Magazine article Times Educational Supplement

The Sheer Horror of Sats

Magazine article Times Educational Supplement

The Sheer Horror of Sats

Article excerpt

When it comes to raw, parental anxiety, there's not much to compare with the formal grading of your child's academic attainment.

Of course, we all know that everyone has different talents, and that lifelong contentment isn't necessarily contingent on 10 A* GCSEs, but still: there's something about the prospect of externally-marked test results that causes a knot in the stomach. Many of us fear - however irrationally - that a set of "bad" results will pin labels on our children that they will spend the next few decades trying to shake off. (Of course, this fear often resolves into equally irrational wild elation and daydreams of world-beating careers when children do well.)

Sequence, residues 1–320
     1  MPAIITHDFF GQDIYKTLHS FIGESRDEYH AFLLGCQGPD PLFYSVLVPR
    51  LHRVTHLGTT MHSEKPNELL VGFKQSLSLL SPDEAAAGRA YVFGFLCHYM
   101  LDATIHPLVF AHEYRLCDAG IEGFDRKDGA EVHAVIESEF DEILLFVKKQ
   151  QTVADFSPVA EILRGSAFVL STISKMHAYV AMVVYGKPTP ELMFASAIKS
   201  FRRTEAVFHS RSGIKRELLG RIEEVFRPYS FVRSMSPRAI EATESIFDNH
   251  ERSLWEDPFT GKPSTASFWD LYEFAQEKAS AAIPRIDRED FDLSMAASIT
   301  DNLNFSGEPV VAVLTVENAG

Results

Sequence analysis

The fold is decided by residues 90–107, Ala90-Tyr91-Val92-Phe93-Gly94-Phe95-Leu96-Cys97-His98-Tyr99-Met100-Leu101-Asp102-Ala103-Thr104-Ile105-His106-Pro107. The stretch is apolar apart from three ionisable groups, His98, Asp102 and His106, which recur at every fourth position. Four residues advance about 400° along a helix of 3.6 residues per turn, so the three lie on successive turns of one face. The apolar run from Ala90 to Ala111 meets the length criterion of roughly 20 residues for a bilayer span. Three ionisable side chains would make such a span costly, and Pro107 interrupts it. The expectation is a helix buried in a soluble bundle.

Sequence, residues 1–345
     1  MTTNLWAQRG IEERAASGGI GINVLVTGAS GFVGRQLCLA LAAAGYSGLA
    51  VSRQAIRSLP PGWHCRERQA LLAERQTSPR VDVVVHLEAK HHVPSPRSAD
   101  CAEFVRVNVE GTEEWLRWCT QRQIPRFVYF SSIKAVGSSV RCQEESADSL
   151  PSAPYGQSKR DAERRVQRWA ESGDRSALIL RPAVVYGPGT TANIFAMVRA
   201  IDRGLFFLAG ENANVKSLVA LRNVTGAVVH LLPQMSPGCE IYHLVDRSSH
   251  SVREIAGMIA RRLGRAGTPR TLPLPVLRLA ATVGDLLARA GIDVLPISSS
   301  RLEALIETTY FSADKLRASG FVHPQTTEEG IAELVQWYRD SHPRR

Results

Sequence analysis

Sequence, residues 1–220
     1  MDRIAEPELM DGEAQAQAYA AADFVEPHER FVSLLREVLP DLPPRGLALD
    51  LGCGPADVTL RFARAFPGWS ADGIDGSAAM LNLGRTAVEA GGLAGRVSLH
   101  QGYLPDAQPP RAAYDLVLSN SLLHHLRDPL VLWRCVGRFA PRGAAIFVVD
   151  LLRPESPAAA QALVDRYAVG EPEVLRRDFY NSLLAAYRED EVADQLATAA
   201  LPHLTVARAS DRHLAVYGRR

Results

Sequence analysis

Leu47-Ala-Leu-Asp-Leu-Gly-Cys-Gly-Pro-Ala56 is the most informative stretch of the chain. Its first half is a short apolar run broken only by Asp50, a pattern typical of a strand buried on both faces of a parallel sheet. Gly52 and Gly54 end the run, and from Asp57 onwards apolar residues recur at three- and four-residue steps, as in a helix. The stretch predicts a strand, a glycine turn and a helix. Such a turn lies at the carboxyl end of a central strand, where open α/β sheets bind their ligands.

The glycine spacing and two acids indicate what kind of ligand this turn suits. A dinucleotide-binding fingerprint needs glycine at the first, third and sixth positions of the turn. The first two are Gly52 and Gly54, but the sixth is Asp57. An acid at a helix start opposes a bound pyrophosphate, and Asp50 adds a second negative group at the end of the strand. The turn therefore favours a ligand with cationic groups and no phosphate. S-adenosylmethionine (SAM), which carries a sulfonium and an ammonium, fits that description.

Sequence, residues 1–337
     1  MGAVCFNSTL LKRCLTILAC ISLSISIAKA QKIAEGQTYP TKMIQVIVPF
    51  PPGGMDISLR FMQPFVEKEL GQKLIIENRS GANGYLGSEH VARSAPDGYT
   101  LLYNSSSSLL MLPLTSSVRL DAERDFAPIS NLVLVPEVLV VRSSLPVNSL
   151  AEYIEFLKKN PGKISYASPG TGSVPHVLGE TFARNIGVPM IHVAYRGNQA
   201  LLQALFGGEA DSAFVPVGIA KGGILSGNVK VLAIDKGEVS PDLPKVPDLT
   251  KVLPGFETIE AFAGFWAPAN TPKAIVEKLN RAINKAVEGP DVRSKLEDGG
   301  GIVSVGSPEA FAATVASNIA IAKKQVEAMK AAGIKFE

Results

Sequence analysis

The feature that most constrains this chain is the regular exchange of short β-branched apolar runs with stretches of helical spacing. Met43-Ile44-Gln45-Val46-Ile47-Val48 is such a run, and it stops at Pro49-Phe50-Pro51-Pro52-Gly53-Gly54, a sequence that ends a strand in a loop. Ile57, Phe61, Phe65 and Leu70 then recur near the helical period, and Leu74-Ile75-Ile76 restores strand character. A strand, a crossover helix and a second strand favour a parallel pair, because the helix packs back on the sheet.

And so we turn, rather inevitably, to Year 6 Sats. Each September on Mumsnet, we see a hum of disbelieving conversation as it starts to sink in that much of the final year at primary school is overshadowed by tests that squat, toadlike, at the beginning of the summer term.

As the academic year passes, the threads about pupil stress and the loss of curriculum breadth in favour of preparing for exam season proliferate.

"It's madness; they've gone on and on at them about it for months," says one user whose child is suffering from migraines. "My daughter thinks they will impact on her going to her already-allocated secondary school."

"My niece has been in tears all weekend," writes another.

Other children manage to keep their cool (on the purely anecdotal evidence of Mumsnet conversations, girls seem to feel the pressure more than boys) - though this can create its very own set of problems. …

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